Other relevant instruments for assessing alcohol use were based on the SD [AUDIT (11), ISCA (12), AUDIT-C (13), HRAR (14)] and are widely implemented globally. Screening and Brief Interventions (SBI) programs, make use of these instruments, are cost-effective in 24 out of 28 EU countries and cost-saving in 50% of countries (15). Learning from practical experiences in the alcohol field and the development and use of SD, the following should be essential characteristics in developing a Standard Joint Unit (SJU): (1) a high degree of evidence- based consensus on equivalence between countries; (2) high accuracy (providing a faithful representation of real doses); (3) taking into account less common routes of administration (cannabis is consumed in more varied ways than alcohol or tobacco); (4) built in monitoring of changes in patterns of use and chemical composition. Having said this, many peculiarities of cannabis use present challenges in the development of standard units for cannabis, among these are: different routes of administration (smoking, vaping, edible), concurrent use with other substances (e.g., tobacco, alcohol), heterogeneity of quantities or interactions among different cannabinoids (THC/CBD) (16). Standard units for cannabis, based on a fixed dose of THC, have the potential to address some of these challenges (16). What constitutes a SJU is important to consider. Currently, studies have gathered evidence on typical joints in Australia (140 mg cannabis/joint), Spain (250 mg of hashish or cannabis plant/joint and translating into 7 mg THC/joint), The Netherlands (260 mg cannabis/joint), UK (140 mg cannabis/joint and 380 mg cannabis/joint), USA (660 mg cannabis/joint vs. 580 mg cannabis/joint vs. 700 mg cannabis/joint) (17–24). Only the Spanish study reported milligrams of THC in a typical joint. Although a commendable start, these studies were heterogeneous regarding both methods (real/simulated cannabis, ecological/lab studies, etc. . . ) and results, even within countries. In the European Web Survey on Drugs (25), the EMCDDA also asks about usual amount consumed for herbal cannabis and cannabis resin. The rapid growth of research in this field also means that reaching a consensus on SJU research methodologies to support clinical implementation is an urgent issue. In order to advance this area, we organized a workshop, as part of the Lisbon Addictions Conference 2019, with experts in different disciplines (sociology, psychology, public health, basic and clinical research, psychiatry) and with the following objectives: (1) to reflect on the challenges to reaching a consensus on an operative SJU; (2) to reflect on opportunities and facilitators to achieving an SJU; (3) to propose different trajectories to achieve the main goal: implementation of a European SJU by the year 2030; and (4) to reach a minimum-level consensus on the first step toward achieving a SJU. The expected outputs were: (1) consensus on the first-steps toward achieving an SJU; and (2) a preliminary annual roadmap to develop a SJU by the year 2030.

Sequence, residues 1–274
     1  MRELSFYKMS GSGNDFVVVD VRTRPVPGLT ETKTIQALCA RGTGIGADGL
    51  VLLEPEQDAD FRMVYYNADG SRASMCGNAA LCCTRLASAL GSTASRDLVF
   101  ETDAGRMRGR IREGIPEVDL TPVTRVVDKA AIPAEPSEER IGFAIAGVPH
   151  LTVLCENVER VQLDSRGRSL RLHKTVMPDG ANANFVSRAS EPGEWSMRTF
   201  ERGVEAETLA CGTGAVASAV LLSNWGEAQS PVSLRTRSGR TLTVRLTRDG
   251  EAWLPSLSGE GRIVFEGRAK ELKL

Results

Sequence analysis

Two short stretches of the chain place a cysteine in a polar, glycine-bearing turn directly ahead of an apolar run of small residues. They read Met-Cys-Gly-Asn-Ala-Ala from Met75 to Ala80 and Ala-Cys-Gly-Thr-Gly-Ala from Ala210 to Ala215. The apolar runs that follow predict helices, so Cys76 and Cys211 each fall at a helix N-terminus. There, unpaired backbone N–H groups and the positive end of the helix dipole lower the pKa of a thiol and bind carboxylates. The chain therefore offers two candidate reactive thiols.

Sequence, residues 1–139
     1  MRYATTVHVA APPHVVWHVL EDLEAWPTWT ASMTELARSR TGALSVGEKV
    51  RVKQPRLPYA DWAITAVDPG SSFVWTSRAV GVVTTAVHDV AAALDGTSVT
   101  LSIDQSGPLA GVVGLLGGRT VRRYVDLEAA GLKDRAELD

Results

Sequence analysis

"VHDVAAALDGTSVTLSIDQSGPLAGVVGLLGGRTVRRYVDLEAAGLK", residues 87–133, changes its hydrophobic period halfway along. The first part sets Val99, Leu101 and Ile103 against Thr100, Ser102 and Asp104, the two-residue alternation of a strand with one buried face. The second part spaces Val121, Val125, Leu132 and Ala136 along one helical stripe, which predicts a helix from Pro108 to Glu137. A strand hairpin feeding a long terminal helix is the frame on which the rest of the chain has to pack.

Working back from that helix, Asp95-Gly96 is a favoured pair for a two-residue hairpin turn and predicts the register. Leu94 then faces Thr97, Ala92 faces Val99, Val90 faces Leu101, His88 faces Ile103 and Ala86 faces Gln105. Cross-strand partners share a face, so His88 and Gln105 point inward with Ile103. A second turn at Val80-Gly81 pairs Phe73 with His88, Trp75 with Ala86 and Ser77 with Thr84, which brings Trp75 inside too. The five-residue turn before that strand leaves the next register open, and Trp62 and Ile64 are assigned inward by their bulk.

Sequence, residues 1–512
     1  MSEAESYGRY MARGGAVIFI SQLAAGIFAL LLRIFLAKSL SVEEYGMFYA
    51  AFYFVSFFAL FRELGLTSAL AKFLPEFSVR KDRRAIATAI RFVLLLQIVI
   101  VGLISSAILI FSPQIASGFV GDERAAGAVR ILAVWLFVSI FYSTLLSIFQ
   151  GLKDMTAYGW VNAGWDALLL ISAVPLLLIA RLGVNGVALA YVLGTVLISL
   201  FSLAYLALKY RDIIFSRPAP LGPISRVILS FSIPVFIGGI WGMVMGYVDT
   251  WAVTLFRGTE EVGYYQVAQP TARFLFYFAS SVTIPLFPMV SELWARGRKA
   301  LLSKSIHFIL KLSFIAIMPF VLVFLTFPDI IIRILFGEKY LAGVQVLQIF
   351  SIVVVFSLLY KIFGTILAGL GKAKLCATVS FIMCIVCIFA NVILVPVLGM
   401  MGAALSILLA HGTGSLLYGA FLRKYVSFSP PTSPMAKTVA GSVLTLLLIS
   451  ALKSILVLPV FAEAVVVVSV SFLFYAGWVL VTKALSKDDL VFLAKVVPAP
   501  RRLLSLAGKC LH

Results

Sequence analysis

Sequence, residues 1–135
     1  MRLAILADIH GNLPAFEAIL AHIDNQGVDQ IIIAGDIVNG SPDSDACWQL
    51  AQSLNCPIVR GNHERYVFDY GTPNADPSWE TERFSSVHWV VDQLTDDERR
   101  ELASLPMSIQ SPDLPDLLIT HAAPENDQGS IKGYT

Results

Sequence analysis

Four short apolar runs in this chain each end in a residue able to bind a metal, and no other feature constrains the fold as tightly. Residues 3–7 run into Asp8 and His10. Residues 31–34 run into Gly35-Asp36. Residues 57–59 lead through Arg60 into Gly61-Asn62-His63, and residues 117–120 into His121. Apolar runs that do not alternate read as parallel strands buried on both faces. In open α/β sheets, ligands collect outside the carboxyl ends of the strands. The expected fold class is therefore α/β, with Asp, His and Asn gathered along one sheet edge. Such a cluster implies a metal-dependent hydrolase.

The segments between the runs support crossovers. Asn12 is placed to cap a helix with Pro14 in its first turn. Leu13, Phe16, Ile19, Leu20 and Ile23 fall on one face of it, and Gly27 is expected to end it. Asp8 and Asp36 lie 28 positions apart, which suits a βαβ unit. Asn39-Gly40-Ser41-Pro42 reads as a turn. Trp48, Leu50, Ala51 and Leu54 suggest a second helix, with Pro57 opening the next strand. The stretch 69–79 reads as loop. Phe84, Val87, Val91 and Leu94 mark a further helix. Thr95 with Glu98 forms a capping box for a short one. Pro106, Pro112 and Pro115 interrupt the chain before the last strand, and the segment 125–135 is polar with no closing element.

The Back-Casting Exercise (BCE)

An operational definition of a BCE is “a scenario technique where normative targets or unwanted outcomes are defined by a group for the purpose of formulating ways in which such goals can be achieved or avoided” (26). Participants in back-casting exercises do not predict the future, but rather choose the desirable future and work backwards to define the steps to achieve that goal (26). Back-casting is a prospective method in the context of foresight methodologies. Foresight methodologies are “frameworks for making sense of data generated by structured processes to think about the future” (27). A back-casting exercise is useful when (28, 29):

  1. the problem is complex, persistent, and predominant.
  2. change is very necessary.
  3. sustainability of the solution is relevant.
  4. long-term planning (at least 5 years) is needed.
  5. the results of the exercise could impact multiple stakeholders and could empower the participants in the exercise.

The organizers pre-defined the desirable future in 2030 based on their professional expertise in the alcohol and cannabis areas (see Figure 1). The contrast between desirable future and current scenario (see below) is the starting point for the workshop discussions. The current scenario was defined as:

• The populations at risk of suffering cannabis-related health problems are not well-identified.
• The assessment of cannabis use patterns is usually based on frequency of use (e.g., days) only.

• A clear public health message about “how much is too much” does not exist because low-risk use is not well-defined.
• The prevalence of risky use (in different populations) is unknown due to lack of risk level definitions.

• Evidence-based practices to reduce cannabis-attributable harms (i.e., SBIRT) are not implemented.